©Gudskul / Jin Panji

The Disruption of Kassel

It is perhaps the most ignored work of the entire Documenta fifteen: overshadowed by the scandal of an antisemitic artwork, by the bigoted attitude of German cultural politics concerning its own history, almost unnoticed by the art world and the media, Documenta fifteen in Kassel introduces a turning point in the art market.

The Documenta in Kassel makes two things clear: We are in the middle of a disruption – comparable to the revolution of the 1968s. Secondly, the art market as we know it is at an end.

First, on disruption: Kassel demonstrates the escalations of this world: North-South, rich-poor, hi-tech versus low-tech/no-tech, macho fundamentalism versus LGBTQIA+ tolerance, wokeness versus old-white-(wo-)men, rejectionists versus inclusion, and so on. In contrast, pandemic fears, war, migration, and world hunger expand beyond these distinctions. Kassel forces us to think fundamentally differently. Fundamentalism does not help here, libertarian fundamentalism even less. Fundamentalism is the answer of the confused to complexity.

Secondly, the art market: Kassel celebrates the collectivity. Not only how art is created, not only new forms of authorship, but also how the market is served. Everything is for sale. It is not a gallery that is clandestinely commissioned with the sale, but a highly official collective, supplemented by two art market experts in an employment relationship. No percentage profit sharing for the seller, but a fixed salary. And 70% of the proceeds go to the collective or the authors and 30% to Lumbung, the curating collective. Salaries are not negotiated but imposed on an equal basis: Benchmark is the wage median of Australia every artist receives this reference wage. This means that in addition to the artistic positions from the Global South, the discussion about justice comes into the room, the art discourse mixes with unconditional basic income and with questions about the art market. Today it is already apparent that the disruption in the art market is developing in a similar way as before in other industries: 1. verticalization of the production chain and 2. “cut-the-middle-man-out”, similar to what Zara and H&M are doing in the textile market or Prada and Gucci in the luxury industry.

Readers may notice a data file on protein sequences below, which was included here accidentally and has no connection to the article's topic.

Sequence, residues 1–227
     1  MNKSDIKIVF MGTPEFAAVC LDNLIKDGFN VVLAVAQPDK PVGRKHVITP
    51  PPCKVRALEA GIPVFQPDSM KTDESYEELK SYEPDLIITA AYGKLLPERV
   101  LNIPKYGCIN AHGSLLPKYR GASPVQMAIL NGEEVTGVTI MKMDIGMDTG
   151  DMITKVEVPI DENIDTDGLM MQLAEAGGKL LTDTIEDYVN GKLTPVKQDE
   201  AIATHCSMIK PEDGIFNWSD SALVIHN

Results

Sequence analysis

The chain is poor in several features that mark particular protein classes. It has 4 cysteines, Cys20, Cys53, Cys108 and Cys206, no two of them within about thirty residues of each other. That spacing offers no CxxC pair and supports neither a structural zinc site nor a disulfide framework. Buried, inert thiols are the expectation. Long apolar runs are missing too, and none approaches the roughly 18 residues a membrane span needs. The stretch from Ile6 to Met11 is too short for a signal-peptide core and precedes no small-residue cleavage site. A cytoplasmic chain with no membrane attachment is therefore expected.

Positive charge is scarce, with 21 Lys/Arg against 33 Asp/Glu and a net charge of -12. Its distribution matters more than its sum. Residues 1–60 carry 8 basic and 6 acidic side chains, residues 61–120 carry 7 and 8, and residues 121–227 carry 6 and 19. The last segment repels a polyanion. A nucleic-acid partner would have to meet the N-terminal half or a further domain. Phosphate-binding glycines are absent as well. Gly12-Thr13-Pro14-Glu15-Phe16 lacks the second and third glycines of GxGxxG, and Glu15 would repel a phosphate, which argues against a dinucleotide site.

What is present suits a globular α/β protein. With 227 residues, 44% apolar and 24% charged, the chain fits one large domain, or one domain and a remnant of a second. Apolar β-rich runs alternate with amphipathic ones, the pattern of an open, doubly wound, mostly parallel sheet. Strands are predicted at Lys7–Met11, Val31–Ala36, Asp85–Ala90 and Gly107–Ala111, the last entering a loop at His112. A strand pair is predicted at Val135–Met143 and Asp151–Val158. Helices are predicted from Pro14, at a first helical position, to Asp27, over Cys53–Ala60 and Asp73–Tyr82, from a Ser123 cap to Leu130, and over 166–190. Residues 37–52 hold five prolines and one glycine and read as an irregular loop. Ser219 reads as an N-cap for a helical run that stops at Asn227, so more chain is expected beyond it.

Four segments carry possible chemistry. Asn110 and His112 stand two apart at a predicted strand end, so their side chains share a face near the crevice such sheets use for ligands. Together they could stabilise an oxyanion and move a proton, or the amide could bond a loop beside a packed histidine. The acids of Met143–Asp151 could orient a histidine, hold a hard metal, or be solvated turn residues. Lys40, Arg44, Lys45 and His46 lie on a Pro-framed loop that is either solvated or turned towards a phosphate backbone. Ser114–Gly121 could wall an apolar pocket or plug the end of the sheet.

There is still a long way off, even waves of anti-semitic rhetoric cannot distract the attentive viewer from this. Kassel shows that there is no longer any room for the art market as defined primarily by galleries and auction houses. New forms of networking make galleries obsolete. Such questions will have to be asked even more consistently. For me, the answer is clear: There is art. And there is the art market. At Fondation WhiteSpaceBlackBox we are for art. The art market is collateral damage to relevant art.

The term «Third World» emerged during the Cold War to define underdeveloped countries. The question Kassel imperatively asks: Which are the underdeveloped countries? Not rather the USA with its mass shootings, abortion-laws etc? Not rather the saturated, fear-driven, self-righteous Europeans, who patronizingly drop a few crumbs of the art business in the direction of the South? There is a lot of explosive stuff in there. Probably we «in the West» have been doing pretty much everything wrong for the last few thousand years or so and a) either the whole thing will blow up in our faces or b) fundamentally different players will come into the game, being hardly white and male. See Documenta fifteen. For me, it’s obvious that it’s like 1968, when my father didn’t understand me anymore, neither did I him. You only recognize disruption in retrospect.

 

Stay curious.

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